Although we think that the grand jury should require the production of the most satisfactory and convincing evidence which the case permits, we hold that an indictment may not be abated because it is founded on hearsay evidence. The legality and sufficiency of evidence heard by the grand jury is not subject to review by this court.

        A wide range must necessarily be given to investigations by a grand jury and it is not limited to the consideration of that which would be admissible on the trial of the cause. We do not encourage prosecutors and grand juries, however, to rely on hearsay testimony when direct testimony is available or when it is not demonstrably inconvenient to summon witnesses able to testify to facts from personal knowledge. The grand jury may, in respect to all offenses, send for witnesses and make investigation when they, or any one of them, suspect a law violation. Excessive use of hearsay in the presentation of cases to grand juries tends to destroy the historical function of grand juries in the protection of the innocent from unwarranted prosecution.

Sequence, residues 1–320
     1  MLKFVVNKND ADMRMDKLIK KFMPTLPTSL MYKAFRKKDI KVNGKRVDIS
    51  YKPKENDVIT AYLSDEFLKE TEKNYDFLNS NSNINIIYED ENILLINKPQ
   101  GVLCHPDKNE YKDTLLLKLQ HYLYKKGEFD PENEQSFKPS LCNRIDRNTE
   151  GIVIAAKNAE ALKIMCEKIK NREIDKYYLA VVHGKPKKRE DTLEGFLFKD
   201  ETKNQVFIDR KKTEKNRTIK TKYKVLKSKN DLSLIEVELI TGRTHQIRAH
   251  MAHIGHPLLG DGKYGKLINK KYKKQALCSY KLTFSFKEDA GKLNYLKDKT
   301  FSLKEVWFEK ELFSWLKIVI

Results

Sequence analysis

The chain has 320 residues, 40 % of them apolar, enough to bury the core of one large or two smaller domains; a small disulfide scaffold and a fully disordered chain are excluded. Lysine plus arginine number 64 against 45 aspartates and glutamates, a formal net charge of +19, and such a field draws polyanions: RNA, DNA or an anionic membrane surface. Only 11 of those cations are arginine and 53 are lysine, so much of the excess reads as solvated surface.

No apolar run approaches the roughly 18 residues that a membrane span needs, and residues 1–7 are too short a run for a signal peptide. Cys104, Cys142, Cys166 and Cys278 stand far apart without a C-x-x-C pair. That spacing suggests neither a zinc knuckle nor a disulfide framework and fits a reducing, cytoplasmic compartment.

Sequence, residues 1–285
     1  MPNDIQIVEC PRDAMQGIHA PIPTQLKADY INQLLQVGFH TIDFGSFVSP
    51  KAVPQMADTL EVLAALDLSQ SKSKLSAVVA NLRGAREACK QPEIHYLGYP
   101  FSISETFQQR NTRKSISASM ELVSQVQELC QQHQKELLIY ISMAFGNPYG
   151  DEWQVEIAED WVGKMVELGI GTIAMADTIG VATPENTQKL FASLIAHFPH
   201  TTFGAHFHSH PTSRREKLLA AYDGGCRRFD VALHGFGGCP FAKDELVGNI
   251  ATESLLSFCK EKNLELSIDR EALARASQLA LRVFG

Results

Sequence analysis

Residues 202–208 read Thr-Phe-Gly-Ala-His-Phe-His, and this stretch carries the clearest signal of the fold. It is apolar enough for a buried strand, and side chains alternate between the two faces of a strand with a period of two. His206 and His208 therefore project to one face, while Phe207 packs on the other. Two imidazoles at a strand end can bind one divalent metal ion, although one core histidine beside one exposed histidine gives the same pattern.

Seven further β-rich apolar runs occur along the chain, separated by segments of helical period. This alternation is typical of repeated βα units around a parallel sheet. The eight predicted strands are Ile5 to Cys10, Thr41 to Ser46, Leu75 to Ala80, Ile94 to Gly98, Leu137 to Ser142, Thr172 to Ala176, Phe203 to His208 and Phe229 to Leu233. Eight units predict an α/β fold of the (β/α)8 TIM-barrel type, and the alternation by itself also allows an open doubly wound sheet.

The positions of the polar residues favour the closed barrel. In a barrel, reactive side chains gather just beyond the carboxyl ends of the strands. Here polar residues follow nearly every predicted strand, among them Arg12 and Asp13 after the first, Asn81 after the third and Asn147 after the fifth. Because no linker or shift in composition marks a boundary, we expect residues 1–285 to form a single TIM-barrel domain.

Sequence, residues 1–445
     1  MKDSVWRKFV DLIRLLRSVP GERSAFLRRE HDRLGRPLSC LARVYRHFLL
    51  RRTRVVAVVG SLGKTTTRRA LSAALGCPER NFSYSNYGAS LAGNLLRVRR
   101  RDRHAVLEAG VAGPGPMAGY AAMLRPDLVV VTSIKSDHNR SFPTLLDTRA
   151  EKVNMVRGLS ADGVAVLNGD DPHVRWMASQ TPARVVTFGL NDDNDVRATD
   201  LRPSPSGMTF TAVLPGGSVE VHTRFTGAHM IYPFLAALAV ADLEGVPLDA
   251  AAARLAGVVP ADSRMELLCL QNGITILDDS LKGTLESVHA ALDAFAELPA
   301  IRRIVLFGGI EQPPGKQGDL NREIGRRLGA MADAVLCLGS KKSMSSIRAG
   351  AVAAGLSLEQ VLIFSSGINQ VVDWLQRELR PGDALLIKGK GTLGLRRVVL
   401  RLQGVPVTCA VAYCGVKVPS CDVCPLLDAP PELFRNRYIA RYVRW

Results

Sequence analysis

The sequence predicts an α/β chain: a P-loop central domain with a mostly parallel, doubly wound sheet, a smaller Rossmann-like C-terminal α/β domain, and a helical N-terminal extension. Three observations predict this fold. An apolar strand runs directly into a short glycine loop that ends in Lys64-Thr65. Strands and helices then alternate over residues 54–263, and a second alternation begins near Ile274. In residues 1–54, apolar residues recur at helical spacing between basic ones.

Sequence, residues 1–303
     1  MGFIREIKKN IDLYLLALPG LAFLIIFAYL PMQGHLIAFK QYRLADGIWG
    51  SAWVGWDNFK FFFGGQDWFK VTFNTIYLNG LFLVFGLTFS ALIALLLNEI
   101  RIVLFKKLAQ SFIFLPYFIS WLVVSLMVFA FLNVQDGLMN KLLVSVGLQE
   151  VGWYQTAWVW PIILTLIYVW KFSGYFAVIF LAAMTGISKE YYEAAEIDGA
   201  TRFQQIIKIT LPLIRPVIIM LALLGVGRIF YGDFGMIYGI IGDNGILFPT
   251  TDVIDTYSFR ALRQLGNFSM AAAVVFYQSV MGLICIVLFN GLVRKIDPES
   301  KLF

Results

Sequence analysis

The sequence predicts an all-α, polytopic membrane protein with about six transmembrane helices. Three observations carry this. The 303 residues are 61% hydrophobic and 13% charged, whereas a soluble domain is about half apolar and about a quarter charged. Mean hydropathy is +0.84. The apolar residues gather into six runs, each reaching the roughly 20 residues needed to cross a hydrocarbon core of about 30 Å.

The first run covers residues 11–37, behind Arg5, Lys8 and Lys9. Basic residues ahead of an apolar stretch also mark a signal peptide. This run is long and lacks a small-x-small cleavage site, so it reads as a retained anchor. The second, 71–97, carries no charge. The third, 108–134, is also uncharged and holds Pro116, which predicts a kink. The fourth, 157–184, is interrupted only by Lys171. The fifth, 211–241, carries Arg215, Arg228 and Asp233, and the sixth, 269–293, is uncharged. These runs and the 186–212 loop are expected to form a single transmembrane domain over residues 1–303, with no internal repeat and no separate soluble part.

Our Supreme Court considered the question of an indictment based on hearsay in Burton v. State, 214 Tenn. 9, 377 S.W.2d 900. Quoting from Costello v. United States, 350 U.S. 359, 76 S.Ct. 406, 100 L.Ed. 397, it said:

"If indictments were to be held open to challenge on the ground that there was inadequate or incompetent evidence before the grand jury, the resulting delay would be great indeed. The result of such a rule would be that before trial on the merits a defendant could always insist on a kind of preliminary trial to determine the competency and adequacy of the evidence before the grand jury. * * * An indictment returned by a legally constituted and unbiased grand jury, like an information drawn by the prosecutor, if valid on its face, is enough to call for trial of the charge on the merits. * * *

"* * * In a trial on the merits, defendants are entitled to a strict observance of all the rules designed to bring about a fair verdict. Defendants are not entitled, however, to a rule which would result in interminable delay but add nothing to the assurance of a fair trial."

        In Jack v. United States, 409 F.2d 522 (9th Circuit, 1969), the court upheld an indictment on hearsay evidence of the agent summarizing the accomplices' confessions which implicated the defendant.